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Federal Communications Commission
Washington, D.C. 20554
In the Matter of )
CITICASTERS CO. ) Case No. EB-00-IH-0064
) NAL/Acct. No. X32080030
Licensee of Station KSJO(FM), ) Facility #4117
San Jose, California ) JJS
NOTICE OF APPARENT LIABILITY FOR FORFEITURE
Adopted: September 25, 2000 Released: September 26,
By the Chief, Enforcement Bureau:
1. In this Notice of Apparent Liability for Forfeiture, we
find Citicasters Co. (``Citicasters''), licensee of Station
KSJO(FM), San Jose, California, apparently liable for a seven
thousand dollar ($7,000) forfeiture for an apparent violation of
18 U.S.C. § 1464 and Section 73.3999 of the Commission's rules,
47 C.F.R. § 73.3999, by broadcasting indecent material.
2. The Commission received a complaint concerning a
broadcast during the ``Lamont & Tonelli Show'' on February 9,
2000 at approximately 8:15 a.m. According to the complainant, a
guest on the program provided in great detail instructions on how
to perform fellatio. A transcript of portions of the program, as
recalled by the complainant, is attached.
3. By letter dated June 8, 2000, we requested Citicasters
to comment on the complaint. Citicasters filed its response on
July 7, 2000. In its response, Citicasters states that it
``cannot confirm'' that the material aired as described in the
complaint. Citicasters states, however, that ``on February 9,
2000, a guest on their show did discuss, in clinical terms, the
proper technique for performing fellatio.'' On July 12, 2000, we
requested further information, and Citicasters responded on
August 10, 2000. In the further response, Citicasters declared
that on February 9, 2000, on air personalities Tod Fryfogle (also
known as ``Lamont Hollywood'') and Paul Tonelli had on as a guest
Dr. Natasha Terry (a/k/a Janina Valdez). Citicasters states that
Dr. Terry is a nationally recognized sex therapist and certified
clinical sexologist, and that she was qualified to conduct a
clinical discussion of human sexuality. Citicasters also states
that Dr. Terry has been a guest on the Lamont & Tonellli show
more than a dozen times over 11 years. Messrs. Fryfogle and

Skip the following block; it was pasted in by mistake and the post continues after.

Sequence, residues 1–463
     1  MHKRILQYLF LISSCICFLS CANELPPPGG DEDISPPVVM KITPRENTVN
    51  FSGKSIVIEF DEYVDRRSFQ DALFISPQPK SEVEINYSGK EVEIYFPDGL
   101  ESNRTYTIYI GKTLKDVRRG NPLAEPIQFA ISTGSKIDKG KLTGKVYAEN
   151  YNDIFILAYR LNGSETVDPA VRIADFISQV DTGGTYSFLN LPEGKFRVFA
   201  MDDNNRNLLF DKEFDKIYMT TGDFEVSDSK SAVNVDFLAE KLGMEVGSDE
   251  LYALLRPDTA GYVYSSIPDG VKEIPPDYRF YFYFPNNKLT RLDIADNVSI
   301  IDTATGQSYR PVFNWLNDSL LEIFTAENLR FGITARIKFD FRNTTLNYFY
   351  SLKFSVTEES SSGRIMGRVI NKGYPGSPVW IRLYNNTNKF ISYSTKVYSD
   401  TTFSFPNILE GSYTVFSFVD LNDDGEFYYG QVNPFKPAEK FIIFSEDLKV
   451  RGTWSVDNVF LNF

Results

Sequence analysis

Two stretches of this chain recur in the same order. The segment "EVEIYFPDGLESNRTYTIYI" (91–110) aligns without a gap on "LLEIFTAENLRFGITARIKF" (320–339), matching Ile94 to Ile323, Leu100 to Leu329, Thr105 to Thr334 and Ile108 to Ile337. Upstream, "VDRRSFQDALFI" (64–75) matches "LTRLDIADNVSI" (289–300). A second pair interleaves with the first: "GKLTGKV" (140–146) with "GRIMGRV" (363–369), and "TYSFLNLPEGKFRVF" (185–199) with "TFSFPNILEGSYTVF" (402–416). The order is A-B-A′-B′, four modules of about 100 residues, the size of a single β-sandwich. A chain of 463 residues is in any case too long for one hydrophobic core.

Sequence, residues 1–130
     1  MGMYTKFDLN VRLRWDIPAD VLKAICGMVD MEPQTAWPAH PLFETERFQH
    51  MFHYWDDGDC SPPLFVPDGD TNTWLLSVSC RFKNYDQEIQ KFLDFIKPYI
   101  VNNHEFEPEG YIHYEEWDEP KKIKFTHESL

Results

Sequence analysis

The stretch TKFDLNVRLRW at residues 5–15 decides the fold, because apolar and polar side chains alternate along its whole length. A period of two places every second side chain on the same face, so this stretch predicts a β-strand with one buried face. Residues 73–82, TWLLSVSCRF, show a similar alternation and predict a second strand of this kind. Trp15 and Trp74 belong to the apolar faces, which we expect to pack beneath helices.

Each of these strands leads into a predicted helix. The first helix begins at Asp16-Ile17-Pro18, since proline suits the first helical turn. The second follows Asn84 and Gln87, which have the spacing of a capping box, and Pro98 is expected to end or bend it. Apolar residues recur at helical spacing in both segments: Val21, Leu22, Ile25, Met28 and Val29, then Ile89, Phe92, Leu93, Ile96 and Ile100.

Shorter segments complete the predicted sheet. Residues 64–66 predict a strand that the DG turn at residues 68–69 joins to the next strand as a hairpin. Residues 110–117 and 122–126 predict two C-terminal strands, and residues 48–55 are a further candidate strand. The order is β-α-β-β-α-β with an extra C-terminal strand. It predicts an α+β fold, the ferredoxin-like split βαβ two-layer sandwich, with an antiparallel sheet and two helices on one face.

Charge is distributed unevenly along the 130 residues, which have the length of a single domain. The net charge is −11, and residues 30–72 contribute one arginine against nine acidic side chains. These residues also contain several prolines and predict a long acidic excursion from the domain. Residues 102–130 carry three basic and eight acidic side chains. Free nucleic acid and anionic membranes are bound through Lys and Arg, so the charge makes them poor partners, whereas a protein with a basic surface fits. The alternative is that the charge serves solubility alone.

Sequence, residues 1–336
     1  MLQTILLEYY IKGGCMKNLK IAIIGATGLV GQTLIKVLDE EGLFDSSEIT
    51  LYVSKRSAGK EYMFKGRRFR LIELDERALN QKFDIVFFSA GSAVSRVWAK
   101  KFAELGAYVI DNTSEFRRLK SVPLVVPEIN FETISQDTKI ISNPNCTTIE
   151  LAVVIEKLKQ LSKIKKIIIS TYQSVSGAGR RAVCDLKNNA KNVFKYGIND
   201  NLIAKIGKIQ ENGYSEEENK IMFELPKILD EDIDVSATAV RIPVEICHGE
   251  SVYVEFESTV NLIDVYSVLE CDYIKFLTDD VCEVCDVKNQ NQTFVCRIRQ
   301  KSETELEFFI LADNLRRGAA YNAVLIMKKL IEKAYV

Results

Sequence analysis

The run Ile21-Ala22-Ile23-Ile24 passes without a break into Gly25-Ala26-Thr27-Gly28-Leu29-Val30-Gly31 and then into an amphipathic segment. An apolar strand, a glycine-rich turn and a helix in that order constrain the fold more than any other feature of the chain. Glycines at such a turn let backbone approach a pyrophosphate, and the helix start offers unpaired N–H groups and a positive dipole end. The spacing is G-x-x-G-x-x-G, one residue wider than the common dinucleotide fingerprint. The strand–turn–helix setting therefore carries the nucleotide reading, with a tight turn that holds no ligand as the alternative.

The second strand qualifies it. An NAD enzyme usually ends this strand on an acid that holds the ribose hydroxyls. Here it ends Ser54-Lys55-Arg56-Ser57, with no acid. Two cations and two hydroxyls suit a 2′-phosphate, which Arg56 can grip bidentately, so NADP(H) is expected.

Tonelli do not specifically recall what they discussed with Dr.
Terry prior to interviewing her on February 9, but they ``are
confident that we emphasized the importance of keeping all on-air
discussions of sexual matters clinical.''
4. Section 503(b)(1)(D) of the Act provides in pertinent
Any person who is determined by the Commission, in
accordance with paragraph (3) or (4) of this
subsection, to have--- violated any provision of
section 1304, 1343, or 1464 of title 18, United States
Code; shall be liable to the United States for a
Pursuant to 47 U.S.C. §§ 312(a)(6) and 503(b)(1)(D), the
Commission has statutory authority to take appropriate
administrative action when licensees broadcast material in
violation of 18 U.S.C. § 1464, which provides criminal penalties
for anyone who ``utters any obscene, indecent or profane language
by means of radio communication.''
5. The Commission has defined indecency as language or
material that, in context, depicts or describes, in terms
patently offensive as measured by contemporary community
standards for the broadcast medium, sexual or excretory
activities or organs. Infinity Broadcasting Corporation of
Pennsylvania, 2 FCC Rcd 2705 (1987) (citing Pacifica Foundation,
56 FCC 2d 94, 98 (1975), aff'd sub nom. FCC v. Pacifica
Foundation, 438 U.S. 726 (1978). The United States Court of
Appeals for the District of Columbia Circuit has upheld the
Commission's authority to restrict the broadcast of indecent
material at times when there is a reasonable risk that children
may be in the audience. Action for Children's Television v. FCC,
852 F.2d 1332 (D.C. Cir. 1988). The court subsequently concluded
that a 10:00 p.m. to 6:00 a.m. "safe harbor" was justified as a
properly tailored means of vindicating the government's
compelling interest in the welfare of children. Action for
Children's Television v. FCC, 58 F.3d 654 (D.C. Cir. 1995), cert.
denied, 116 S. Ct. 701 (1996).
6. We reject Citicasters' contention that the discussion
was not indecent because the discussion was clinical. While Dr.
Terry may have been qualified to lead a clinical discussion of
sexual techniques, the disc jockeys' comments on her material
show that the material was offered in a pandering and titillating
manner. Specifically, the disc jockeys' invitation to have Dr.
Terry use a prop on a radio program, and their laughter and
statements (such as ``oh yeah, baby'') while she conducted that
demonstration, show that the material was intended to be
pandering and titillating, as opposed to a clinical discussion of
sex. We therefore find that this material appears to be indecent
because it contains language that describes sexual and/or
excretory activities or organs in patently offensive terms.
Moreover, while the complainant did not provide us with an exact